New Democratic and Republican leaders, trying to break Senate gridlock, announced Tuesday that they will open the new Congress with a closed "bipartisan caucus" to set a more pleasant tone and speed up business.

"We wont always agree, but can sit down, side by side, and forge consensus on the issues important to the American people," incoming Majority Leader Harry Reid of Nevada said in a joint statement with his Republican counterpart, Sen. Mitch McConnell.

"I look forward to working with Sen. McConnell to establish a new tone and to produce real results next year, and this joint caucus is the first step in that process," Reid added.

"Republicans intend to be as cooperative as possible to help the Senate get off to a good start next year," McConnell, of Kentucky, said.

The Jan. 4 session, to be held on the opening day of the 110th Congress with Democrats in charge, will take place in the Old Senate Chamber before the body begins official legislative business. It will be the first meeting of the full Senate since President Clinton's 1998 impeachment trial.

The plans were disclosed Friday, as a Congress still under Republican control was being accused by Democrats of being a "do-nothing" institution. It would establish a precedent expanding the kinds of "executive sessions" that up to now have been relatively rare, so that lawmakers can work better together.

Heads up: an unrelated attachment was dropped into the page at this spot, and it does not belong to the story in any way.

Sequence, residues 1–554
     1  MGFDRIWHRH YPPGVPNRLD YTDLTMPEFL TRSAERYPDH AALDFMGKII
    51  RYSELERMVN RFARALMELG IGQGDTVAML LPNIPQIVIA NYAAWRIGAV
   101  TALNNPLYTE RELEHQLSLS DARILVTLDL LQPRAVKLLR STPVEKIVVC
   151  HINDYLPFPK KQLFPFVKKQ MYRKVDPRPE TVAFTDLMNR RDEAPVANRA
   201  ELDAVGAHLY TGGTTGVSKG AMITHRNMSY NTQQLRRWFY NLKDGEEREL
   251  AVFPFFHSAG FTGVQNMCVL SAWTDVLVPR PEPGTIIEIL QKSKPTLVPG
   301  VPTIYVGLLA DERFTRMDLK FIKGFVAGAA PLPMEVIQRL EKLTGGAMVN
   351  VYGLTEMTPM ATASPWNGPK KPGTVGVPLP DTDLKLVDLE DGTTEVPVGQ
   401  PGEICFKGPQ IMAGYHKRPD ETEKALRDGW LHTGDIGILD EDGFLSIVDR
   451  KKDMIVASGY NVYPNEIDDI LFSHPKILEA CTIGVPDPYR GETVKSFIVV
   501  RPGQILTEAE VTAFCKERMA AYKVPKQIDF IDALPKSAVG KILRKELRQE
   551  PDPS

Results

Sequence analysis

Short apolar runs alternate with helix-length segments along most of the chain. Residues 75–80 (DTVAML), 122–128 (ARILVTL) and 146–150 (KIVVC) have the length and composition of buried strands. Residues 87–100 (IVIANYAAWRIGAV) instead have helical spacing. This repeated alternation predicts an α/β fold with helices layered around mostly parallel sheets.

Open government advocates immediately objected.

Any meeting of 100 senators with rules of any kind is by definition a meeting of the Senate, said Brian Darling, director of Senate relations for The Heritage Foundation.

"It would be a de facto meeting of the Senate and although they want to call it something else, it is," Darling said.

"To set up something and to plan something between the leaders is very unusual and should be subject to open government rules," he added. "Their intentions are good but the results of what they're doing will be not good for the American people."

Spokesman for the lawmakers said the meeting would not amount to a closed session of the lawmaking body under the chamber's rules. McConnell spokesman Don Stewart likened the proposal to closed weekly policy lunches that the Republican and Democratic caucuses hold separately for which the Senate briefly recesses.

"We won't be transacting legislative business," Stewart said.

The Senate met in secret until 1794 in the belief that its role providing counsel to the executive branch compelled closed proceedings.

Since 1929, the Senate has held 54 secret sessions, generally for reasons of national security, according to a Sept. 27 report of the Congressional Research Service. Democrats last year forced a closed session of the Senate — in the chamber used currently — to discuss Iraq war intelligence.

Closed sessions of the Senate are held periodically to discuss specific, sensitive business, such as impeachment deliberations, matters of national security and sensitive communications from the president, according to a Sept. 27 report by the Congressional Research Service.

Members and staff who attend these meetings have been prohibited from divulging details, and transcripts have not been published unless the chamber votes to release them, CRS said.